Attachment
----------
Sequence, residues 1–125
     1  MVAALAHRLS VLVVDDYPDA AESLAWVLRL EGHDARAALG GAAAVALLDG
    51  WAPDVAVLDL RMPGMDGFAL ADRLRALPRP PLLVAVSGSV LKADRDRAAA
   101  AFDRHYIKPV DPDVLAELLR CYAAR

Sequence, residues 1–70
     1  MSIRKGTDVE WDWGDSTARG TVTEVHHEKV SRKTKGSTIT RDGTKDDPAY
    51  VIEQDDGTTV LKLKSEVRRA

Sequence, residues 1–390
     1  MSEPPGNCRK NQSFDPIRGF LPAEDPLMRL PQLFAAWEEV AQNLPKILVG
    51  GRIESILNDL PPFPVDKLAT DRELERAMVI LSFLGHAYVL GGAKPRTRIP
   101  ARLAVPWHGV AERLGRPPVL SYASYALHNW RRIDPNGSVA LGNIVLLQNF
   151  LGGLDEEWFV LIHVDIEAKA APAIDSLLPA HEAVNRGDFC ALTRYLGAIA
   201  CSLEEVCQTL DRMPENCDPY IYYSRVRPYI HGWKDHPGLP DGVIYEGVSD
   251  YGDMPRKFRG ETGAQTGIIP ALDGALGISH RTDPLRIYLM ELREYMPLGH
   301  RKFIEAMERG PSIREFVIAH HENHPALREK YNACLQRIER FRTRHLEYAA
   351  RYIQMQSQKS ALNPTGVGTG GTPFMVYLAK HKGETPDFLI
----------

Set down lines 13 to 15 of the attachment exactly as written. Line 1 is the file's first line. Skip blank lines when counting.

   201  CSLEEVCQTL DRMPENCDPY IYYSRVRPYI HGWKDHPGLP DGVIYEGVSD
   251  YGDMPRKFRG ETGAQTGIIP ALDGALGISH RTDPLRIYLM ELREYMPLGH
   301  RKFIEAMERG PSIREFVIAH HENHPALREK YNACLQRIER FRTRHLEYAA